The French government is the latest trying to clamp down on the spread of fake news online, a notion that, while admirable, is also full of complications.

This week, French President Emmanuel Macron outlined his bold ambition to rid the internet of fake news. Details are scant, but Macron has announced that legislation will be introduced that requires social media sites to be more transparent about who is paying for sponsored content. That way, anyone who seeks to spread partisan views and false political propaganda via social platforms like Facebook will be held to account — at least that’s the theory.

It’s common for fake propaganda to spike around political campaigns, but Macron wants to stunt the spread of misinformation about political parties or campaigns while elections are ongoing by ensuring governmental authorities can take emergency legal action to remove content or block websites.

French publishers aren’t wholly keen on the idea, but they’re caught between wanting the platforms to take more responsibility for the spread of fake news and fearing this could harm free speech or lead to censorship.

“It’s very dangerous to have state control on information issues, mainly because people spreading fake news are already often convinced of the collusion between mainstream media and governments or corporations,” said Samuel Laurent, head of Les Décodeurs, the fact-checking team at national newspaper Le Monde. “This kind of announcement will probably trigger their feeling of censorship and bias.”

Aimee Rinehart, partners and special projects manager at fact-checking organization First Draft News, echoed this, saying Macron’s idea to “patrol the internet” and block websites that a government deems nefarious is “naive, dangerous and, frankly, impossible.” Teaching people what trusted information looks like is far more valuable, she added.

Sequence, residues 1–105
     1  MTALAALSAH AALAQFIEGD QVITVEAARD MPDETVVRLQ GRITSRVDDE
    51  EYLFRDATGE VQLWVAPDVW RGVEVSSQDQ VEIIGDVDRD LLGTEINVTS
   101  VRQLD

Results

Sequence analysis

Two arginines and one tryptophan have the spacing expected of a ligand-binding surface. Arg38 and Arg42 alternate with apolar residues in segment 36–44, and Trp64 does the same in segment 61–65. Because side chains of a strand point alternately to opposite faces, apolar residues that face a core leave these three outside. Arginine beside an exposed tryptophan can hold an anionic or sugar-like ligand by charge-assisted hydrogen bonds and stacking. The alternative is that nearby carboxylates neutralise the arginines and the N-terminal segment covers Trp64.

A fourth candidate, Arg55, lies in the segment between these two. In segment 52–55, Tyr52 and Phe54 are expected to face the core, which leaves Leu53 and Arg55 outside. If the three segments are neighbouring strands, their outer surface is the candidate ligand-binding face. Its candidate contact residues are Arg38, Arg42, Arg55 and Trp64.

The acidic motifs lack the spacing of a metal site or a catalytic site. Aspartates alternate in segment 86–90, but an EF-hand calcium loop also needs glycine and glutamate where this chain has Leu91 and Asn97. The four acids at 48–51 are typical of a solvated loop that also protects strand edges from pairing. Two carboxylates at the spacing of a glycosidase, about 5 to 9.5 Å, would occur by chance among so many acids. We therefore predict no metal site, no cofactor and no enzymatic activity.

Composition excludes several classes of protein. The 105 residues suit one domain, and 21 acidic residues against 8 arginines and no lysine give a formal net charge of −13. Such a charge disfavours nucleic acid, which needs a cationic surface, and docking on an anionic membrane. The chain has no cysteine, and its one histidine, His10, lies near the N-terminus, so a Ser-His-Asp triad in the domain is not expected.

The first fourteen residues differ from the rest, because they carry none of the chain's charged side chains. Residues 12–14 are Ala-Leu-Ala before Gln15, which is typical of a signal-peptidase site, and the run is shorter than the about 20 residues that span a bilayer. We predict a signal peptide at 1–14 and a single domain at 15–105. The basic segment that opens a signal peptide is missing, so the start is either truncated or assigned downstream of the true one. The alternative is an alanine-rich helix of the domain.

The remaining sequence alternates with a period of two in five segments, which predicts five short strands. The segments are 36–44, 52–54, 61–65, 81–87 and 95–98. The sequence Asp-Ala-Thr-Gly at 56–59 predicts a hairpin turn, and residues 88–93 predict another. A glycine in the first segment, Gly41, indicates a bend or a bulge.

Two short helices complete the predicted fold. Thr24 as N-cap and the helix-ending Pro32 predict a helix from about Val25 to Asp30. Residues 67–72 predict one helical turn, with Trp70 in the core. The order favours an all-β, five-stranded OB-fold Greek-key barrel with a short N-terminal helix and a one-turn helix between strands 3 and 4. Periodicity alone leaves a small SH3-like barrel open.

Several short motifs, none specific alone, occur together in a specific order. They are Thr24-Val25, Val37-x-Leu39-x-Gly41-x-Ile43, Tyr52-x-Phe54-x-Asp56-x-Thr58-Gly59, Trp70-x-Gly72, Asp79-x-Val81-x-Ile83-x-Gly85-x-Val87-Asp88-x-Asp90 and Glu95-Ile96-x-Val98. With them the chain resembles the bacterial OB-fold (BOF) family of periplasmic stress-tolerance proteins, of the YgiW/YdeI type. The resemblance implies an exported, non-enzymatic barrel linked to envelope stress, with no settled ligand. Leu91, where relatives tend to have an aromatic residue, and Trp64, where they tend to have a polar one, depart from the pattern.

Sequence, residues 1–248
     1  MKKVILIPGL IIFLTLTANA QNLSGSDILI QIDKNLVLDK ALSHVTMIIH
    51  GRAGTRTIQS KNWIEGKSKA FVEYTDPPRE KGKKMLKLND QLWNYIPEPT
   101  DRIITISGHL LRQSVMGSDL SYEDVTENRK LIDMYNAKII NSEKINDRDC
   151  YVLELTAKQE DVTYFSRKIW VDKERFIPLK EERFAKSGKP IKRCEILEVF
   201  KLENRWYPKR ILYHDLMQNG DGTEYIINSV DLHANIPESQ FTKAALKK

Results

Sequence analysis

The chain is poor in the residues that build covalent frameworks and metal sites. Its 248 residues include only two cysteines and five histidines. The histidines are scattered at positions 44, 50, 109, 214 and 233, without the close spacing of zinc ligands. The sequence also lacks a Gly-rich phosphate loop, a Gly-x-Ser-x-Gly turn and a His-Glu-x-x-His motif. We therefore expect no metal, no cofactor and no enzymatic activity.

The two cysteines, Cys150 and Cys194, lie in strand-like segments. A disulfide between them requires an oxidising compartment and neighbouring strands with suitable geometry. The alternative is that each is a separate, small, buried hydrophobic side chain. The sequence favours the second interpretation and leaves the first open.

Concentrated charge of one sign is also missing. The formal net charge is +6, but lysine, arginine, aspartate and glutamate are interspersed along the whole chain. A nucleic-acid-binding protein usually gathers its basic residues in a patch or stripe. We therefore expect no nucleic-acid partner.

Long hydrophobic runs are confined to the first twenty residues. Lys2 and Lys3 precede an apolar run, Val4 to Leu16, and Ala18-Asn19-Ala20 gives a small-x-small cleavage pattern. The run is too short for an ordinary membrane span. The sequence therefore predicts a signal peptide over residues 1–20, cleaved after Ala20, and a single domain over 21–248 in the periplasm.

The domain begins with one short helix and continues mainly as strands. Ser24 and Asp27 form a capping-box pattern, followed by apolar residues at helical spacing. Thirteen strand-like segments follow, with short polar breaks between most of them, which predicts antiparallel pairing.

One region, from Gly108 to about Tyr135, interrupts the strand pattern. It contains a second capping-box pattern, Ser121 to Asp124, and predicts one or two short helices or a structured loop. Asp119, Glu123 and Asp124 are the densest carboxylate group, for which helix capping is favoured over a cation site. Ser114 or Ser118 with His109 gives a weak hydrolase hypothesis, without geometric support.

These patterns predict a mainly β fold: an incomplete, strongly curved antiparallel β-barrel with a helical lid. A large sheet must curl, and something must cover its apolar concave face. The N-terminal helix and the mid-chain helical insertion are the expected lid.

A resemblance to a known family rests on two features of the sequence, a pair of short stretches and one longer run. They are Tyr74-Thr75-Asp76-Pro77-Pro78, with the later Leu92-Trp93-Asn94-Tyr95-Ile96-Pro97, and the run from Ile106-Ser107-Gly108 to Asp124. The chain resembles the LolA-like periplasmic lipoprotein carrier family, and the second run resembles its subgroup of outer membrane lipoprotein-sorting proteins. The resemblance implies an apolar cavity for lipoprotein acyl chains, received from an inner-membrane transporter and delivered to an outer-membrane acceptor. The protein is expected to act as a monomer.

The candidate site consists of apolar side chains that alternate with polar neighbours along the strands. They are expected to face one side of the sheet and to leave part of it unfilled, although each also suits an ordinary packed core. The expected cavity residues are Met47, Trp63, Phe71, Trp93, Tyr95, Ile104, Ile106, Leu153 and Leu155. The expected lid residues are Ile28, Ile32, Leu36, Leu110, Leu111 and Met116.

“Macron’s point for advertising transparency has legs,” said Rinehart, “but much of the misinformation out there is not political advertising.” Macron’s party has previously accused Russian state-funded news outlets Sputnik and RT for allegedly spreading Russian propaganda on social networks through sponsored posts, which Macron’s proposed law would try and stamp out. The amount of money platforms could charge for sponsored content would also be capped.

“The best way to tackle fake news is to show it’s false and not to cut or block it. [This proposal] is a bit useless,” said Xavier Grangier, head of digital at Libération, adding that most newspapers already have a fact-checking team.

Libération has also developed a tool through which readers can ask journalists specific questions. Since May 2017, readers have asked about 700 questions. The publisher also has five people working on debunking roughly 20 stories spread on Facebook each month as part of Facebook’s initiative to work with French media companies to debunk false stories, which launched in February 2017.

Publishers will have to wait and see what the specifics of Macron’s proposal are. There will be questions around what is classified as fake news and how it can be removed, as well as the efficiency of this process. In Germany, where the government has passed a law making platforms more liable for the content they host, legal experts have criticized the lack of finer details about how the law will be implemented.

Some publishers are more open to Macron’s proposal than others. “Of course, it is complicated, but we need to wait and see what is behind the idea. In general, this is the right direction,” said Bertrand Gié, Le Figaro’s head of digital. “[This proposal] is trying to put more responsibility on the platforms as publishers, rather than just pipes, and that’s very important to us.”

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